When the Cayman Islands suddenly and famously refused entry of an Atlantis Events cruise to its ports in 1998, Belize let the boat dock. More than a decade later, gays are slowly beginning to find a voice in Belize.
Back in 1998, when the Cayman Islands suddenly and famously refused entry of an Atlantis Events cruise to its ports, the ship moved on to nearby Belize. Despite a smattering of religious protest, the all-gay cruise liner was welcomed to Belize City, if with a fair amount of curiosity: Locals were reportedly so unfamiliar with homosexuals that they were surprised to find them actually “dressed as men.”
Often overshadowed by its bigger neighbors to the north (Mexico) and west (Guatemala), petite Belize is best known to savvy travelers for its gorgeous east, where a lush Caribbean coast is seasoned with hundreds of offshore islands, making it a paradise for nature lovers, eco-tourists, and divers.
A U.K. colony (known as British Honduras) until gaining its independence in 1981, this small land of just over 300,000 people retains remnants of many old British laws, unfortunately including a statute similar to those that still haunt Jamaica and Guyana, among others, with a 10-year prison sentence for sodomy. Though it’s almost never enforced, the law looms over LGBT life in Belize, preventing — at least thus far — nearly all forms of organized gay activity.
“At the moment there is no history of gay pride marches and no specific health services for LGBT people with the exception of UNIBAM (United Belize Advocacy Movement),” says Caleb Orozco (pictured), who cofounded the small NGO in 2006 and now serves as its president. “Culturally there are unofficial [gay] hangout spots in Belize City and San Pedro,” he adds, though he declines to name them for fear of endangering their clienteles. “We are not at that stage yet to promote those places.”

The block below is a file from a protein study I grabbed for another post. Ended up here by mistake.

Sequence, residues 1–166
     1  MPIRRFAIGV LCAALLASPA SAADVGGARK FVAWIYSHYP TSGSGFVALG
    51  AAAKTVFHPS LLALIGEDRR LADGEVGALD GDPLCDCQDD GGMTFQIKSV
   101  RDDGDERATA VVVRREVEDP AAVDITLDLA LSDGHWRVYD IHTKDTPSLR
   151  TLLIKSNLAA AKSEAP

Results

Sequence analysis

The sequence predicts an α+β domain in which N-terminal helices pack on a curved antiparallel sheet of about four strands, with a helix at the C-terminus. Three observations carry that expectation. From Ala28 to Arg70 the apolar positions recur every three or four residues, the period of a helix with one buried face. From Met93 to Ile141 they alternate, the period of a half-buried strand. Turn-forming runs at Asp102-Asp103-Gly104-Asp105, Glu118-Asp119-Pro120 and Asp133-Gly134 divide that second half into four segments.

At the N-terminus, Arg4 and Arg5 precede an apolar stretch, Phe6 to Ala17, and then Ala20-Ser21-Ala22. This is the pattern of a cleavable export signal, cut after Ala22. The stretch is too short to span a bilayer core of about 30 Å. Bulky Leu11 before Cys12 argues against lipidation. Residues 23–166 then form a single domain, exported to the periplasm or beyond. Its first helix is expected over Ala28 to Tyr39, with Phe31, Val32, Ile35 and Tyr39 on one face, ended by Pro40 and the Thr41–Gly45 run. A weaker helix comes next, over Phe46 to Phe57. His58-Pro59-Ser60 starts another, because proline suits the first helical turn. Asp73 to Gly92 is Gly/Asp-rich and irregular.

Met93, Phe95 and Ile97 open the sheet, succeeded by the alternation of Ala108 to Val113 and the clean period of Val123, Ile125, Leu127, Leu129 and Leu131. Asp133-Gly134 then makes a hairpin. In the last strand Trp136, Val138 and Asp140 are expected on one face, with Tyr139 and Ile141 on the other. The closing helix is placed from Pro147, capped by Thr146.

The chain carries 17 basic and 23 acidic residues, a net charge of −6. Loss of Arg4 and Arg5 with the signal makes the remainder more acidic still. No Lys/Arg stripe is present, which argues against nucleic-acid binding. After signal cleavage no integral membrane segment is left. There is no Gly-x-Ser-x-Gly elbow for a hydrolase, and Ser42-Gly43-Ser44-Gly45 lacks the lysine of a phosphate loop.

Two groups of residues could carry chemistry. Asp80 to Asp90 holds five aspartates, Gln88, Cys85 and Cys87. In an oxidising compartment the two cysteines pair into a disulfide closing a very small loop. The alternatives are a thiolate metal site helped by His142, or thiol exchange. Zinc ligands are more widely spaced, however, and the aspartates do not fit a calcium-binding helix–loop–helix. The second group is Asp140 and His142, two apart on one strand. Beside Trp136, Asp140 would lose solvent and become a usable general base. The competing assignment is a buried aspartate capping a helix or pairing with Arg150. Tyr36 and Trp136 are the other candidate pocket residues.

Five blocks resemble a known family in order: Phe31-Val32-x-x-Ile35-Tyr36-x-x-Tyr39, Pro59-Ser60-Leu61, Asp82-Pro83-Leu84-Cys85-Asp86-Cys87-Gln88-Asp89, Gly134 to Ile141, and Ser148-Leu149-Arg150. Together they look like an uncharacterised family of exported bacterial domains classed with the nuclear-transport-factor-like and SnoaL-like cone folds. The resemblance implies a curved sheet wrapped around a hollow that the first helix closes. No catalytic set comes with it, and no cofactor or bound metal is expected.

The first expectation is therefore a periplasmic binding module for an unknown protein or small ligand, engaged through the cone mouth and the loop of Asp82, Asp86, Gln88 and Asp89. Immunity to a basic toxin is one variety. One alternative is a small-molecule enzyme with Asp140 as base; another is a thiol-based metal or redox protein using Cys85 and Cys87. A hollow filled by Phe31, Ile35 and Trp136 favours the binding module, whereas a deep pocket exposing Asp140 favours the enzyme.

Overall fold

“‘Gay rights’ is an explosive term in this part of the world, so we tend to focus on arguments that are health-related,” he says. “Thus far, parenting, adoption, and employment discrimination are invisible topics that have not been on any local agenda. The church-state system still has a strong hold on information. Some of the media is uncomfortable with the subject matter or downright homophobic — like Amandala, a national newspaper with a history of printing sensational homophobic story lines.”
Despite a dearth of rainbow flags, Belize has much to dazzle the visitor, from one-of-a-kind jungle wildlife to fantastic Mayan ruins to the Belize Barrier Reef, the world’s second longest, stretching for nearly 200 miles.
“Belize is an interesting mix of Central American and Caribbean culture, similar to the nearby Bay Islands of Honduras,” says Greg Hamman, owner of Undersea Expeditions, a California-based diving tour company that’s been taking gay and lesbian groups to Belize since the 1990s.
“With its small population, Belize doesn’t offer gay nightlife, but we aren’t there for a circuit event,” Hamman adds. “We travel to enjoy the natural beauty of the country and encourage its preservation, while giving the people we interact with the opportunity to see us not only as openly gay and lesbian visitors but also as people who respect and appreciate what their country has to offer.”
For those dead set on sniffing out the country’s nascent gay underground, San Pedro on the largest island of Ambergis Caye is the safest bet — but use common sense, warns Orozco. “No affections in public, as it’s frowned upon even for heterosexuals,” he says. “Take simple precautions, like be aware of your surroundings. Generally speaking, if you go looking for trouble, trouble will find you.”
Though it’s been slow in coming, Orozco does see a growing acceptance of queer identity in Belize. “There are small groups of people who are ‘out,’” he says. “Exposure from North American television does provide some sensitization about the process of coming out. The younger generation, I must say, is much more bold than the older. There is a small trans population, and I must say too that effeminate guys are on the front line of a passive unorganized social movement to be themselves.”
“Our divers who’ve been traveling there since the 9’0s definitely notice more openness on the part of locals,” says Hamman, whose most recent group visited Belize in June. “The boats and resorts we use welcome us back as old friends now, not as novelties.”
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